What happened in Katounitsa was not simply an incident [see box below] or an isolated case, but evidence of a destructive trend that the passivity of state institutions has allowed to become endemic in recent years. It is a conflict that must be examined within the overall context of politics in Bulgaria.
As a nation without proper leaders, we have been obliged to make do with para-politicians who have undermined our expectations and the hopes of civil society. Since election campaigns began several months ago [presidential and municipal elections are scheduled to be held on 23 October], we have not heard one interesting exchange of ideas on the economy, foreign policy or society. What we have had is a generous serving of plots and betrayals. We have reached a point where Bulgarian politics has now become an offshoot of the scandal sheets which feed on it.
Political dialogue, which is at an all time low, has now reached a level characterised by the shameless exploitation of inter-ethnic and inter-religious relations in this country. Years have gone by, and we have yet to see one politician attempt to restore order in the relations between Christians and Muslims or between the Roma and other communities. No one has come forward to propose effective strategies for the real integration of minorities, because our self-proclaimed political elite is convinced that the best option is to sustain the humiliating status quo which enables it to cling to power.
These tensions are always motivated by political interests, especially in the run-up to elections. There are thousands of reasons that have caused us to abandon hope for social justice in Bulgaria. And the despair that they have prompted has affected every section of society: from doctors to poets, and even subsistence farmers. Obviously the only people who do not appear to be worried by this state of affairs are the nouveaux riches bandits, big-time criminals, corrupt politicians and highly placed magistrates.
In such a situation, and here I am speaking as a historian and social anthropologist, the most effective political strategy is to project anger on minorities, the members of other religions, or any group that is simply different. Once the real issues have been masked by false problems, distinctions become blurred, and it is easy to present political errors or criminal incidents as inter-ethnic conflicts, with occasionally dramatic consequences.
There are powder kegs like Katounitsa virtually everywhere in Bulgaria. We have now had three or four generations of Roma with no education and thus no possibility of succeeding in the labour market, while crime has climbed steeply. At the same time, anti-Roma sentiment in society in general has reached an all time high.
The political parties have corrupted the poorest and most marginal groups by involving them in vote trading deals, which have launched the careers of ghetto leaders and self-proclaimed Roma “kings,” who grow wealthy on the backs of their fellow believers by selling their political support to the highest bidder. These are the people who now benefit from the undisputed control of neighbourhoods, villages and in some cases towns throughout Bulgaria.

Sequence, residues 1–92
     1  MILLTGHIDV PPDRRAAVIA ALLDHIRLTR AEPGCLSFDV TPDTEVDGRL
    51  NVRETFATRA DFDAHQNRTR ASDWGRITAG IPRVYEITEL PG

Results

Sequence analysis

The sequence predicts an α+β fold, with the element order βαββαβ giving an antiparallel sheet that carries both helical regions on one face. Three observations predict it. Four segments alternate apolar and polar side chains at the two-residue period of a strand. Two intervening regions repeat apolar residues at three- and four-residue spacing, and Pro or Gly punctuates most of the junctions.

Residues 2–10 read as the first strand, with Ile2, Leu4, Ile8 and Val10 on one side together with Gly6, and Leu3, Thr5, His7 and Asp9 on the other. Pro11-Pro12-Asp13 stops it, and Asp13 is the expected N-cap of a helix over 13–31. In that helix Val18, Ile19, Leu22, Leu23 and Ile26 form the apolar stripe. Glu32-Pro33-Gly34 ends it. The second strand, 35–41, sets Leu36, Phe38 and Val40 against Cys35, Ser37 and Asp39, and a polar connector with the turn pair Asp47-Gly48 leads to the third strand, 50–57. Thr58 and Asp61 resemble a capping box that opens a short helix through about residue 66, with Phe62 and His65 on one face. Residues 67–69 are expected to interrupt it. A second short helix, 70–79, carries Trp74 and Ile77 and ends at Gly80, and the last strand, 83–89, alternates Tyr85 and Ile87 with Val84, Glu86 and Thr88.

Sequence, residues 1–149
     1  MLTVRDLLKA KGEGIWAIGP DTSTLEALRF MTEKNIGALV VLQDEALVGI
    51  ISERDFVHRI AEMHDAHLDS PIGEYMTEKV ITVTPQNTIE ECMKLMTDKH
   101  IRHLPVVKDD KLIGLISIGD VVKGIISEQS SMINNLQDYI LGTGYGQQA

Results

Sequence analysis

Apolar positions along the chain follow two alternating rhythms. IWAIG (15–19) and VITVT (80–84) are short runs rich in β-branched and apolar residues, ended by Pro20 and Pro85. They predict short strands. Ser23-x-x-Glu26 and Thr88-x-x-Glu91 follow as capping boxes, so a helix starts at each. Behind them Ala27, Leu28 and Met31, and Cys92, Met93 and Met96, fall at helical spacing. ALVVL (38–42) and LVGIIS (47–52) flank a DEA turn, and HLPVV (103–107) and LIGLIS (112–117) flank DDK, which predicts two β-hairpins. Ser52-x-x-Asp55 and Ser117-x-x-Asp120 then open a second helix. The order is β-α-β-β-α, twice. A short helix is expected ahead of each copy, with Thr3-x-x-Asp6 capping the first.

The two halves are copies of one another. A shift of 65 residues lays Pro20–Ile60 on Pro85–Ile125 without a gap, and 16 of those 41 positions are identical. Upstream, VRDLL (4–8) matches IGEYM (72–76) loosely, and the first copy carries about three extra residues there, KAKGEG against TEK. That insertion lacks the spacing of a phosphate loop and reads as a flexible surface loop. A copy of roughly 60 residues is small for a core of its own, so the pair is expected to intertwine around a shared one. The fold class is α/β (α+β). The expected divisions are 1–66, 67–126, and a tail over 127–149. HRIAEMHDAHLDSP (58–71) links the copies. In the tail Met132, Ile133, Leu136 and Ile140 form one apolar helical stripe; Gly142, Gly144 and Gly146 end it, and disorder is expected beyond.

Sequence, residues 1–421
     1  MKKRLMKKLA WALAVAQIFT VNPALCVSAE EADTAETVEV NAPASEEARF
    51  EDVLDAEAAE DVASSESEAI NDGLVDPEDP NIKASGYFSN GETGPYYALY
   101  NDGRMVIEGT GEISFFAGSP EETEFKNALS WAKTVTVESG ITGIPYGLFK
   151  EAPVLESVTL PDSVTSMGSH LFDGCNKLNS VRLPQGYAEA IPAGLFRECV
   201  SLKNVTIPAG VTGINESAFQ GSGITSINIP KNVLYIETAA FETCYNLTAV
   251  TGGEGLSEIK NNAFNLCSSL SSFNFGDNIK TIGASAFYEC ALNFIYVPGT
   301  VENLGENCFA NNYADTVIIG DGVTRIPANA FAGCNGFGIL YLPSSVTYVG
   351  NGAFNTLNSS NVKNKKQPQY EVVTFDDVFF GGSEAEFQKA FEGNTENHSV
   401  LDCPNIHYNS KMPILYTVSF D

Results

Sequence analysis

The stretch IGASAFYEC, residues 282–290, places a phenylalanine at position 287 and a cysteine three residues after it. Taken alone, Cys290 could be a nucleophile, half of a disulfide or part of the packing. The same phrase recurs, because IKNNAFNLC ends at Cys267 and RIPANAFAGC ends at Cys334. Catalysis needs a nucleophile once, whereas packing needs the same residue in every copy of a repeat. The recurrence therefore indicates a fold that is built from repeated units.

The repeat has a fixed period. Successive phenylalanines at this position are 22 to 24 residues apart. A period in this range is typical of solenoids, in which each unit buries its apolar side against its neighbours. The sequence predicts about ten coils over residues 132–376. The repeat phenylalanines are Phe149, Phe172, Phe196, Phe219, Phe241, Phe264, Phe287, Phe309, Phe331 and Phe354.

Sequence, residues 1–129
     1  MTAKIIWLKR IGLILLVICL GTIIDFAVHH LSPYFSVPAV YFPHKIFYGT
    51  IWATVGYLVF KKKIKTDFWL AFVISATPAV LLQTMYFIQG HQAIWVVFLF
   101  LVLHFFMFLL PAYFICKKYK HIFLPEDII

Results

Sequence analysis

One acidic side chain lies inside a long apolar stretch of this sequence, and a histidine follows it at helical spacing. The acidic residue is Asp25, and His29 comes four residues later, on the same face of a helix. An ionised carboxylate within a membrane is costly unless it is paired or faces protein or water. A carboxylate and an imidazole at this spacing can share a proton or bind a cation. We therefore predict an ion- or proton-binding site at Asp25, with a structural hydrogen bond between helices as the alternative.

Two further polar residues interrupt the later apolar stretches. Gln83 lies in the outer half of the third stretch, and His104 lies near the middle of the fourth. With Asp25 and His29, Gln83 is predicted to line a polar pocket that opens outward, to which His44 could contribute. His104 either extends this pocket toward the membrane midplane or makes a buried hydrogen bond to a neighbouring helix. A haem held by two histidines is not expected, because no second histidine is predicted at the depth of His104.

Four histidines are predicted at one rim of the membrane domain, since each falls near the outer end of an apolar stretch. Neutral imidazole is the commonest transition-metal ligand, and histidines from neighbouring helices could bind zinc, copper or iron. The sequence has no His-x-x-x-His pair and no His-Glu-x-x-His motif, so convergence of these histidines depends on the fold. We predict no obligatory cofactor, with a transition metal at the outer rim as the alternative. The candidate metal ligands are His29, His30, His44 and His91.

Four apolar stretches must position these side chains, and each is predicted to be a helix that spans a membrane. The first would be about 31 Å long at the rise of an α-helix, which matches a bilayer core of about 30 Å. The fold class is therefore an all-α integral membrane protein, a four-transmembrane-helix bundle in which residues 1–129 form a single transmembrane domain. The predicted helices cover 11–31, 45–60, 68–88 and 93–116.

Like a large section of his clan, so-called “King Kiro” should have been jailed years ago for crimes like the production of bootleg alcohol and the trafficking of women and children. But he has escaped justice, because he can count on considerable resources: large amounts of cash that he uses to pay off police, politicians and magistrates, and also a political capital in the form of several thousand votes.
This is not an ethnic problem, but a national disease. What are we to do about all of these towns and regions that are under the de facto “management” of mafia bosses, who control populations by distributing privileges or sowing fear?
Simply applying the law should be enough to enable us to abolish local feudal privileges, and sentence criminals so that the citizens of this country can be free to vote, live and work as they wish. But as it stands, it seems that this is impossible in Bulgaria.
A wave of anti-Roma riots
Since 24 September, a wave of anti-Roma riots has swept across major cities and towns in Bulgaria. The demonstrators, who term themselves “defenders of the Bulgarian nation” and who are often very young, are protesting against alleged Roma impunity to the law.
It all began with what authorities initially described as a "tragic road accident," in which a 24-year-old man was knocked down by a minibus taking a group of Roma to the home of Kiril Rachkov, a self-styled gypsy king in the village of Katounitsa, population 3,000, which is close to Plovdiv in the south of the country.
The father of the victim insisted his son had been deliberately murdered, while the occupants of the minibus took refuge in the home of "King Kiro," before forcing their way through an improvised roadblock that had been set up by local people, injuring other villagers in the process. Having been joined by hardcore supporters of Plovdiv football club, the inhabitants of Katounitsa then set about burning and looting houses belonging to the Rachkov clan. On the following day, a 16-year-old boy, who suffered from a chronic heart ailement, died amid further scuffles in the village.
The driver of the minibus, who was quick to turn himself over to police, claims to have accidentally run over the young man after a roadside dispute. On 28 September, Bulgaria’s Interior Minister announced the arrest of Kiril Rachkov, who is accused of “issuing death threats” and large scale tax evasion.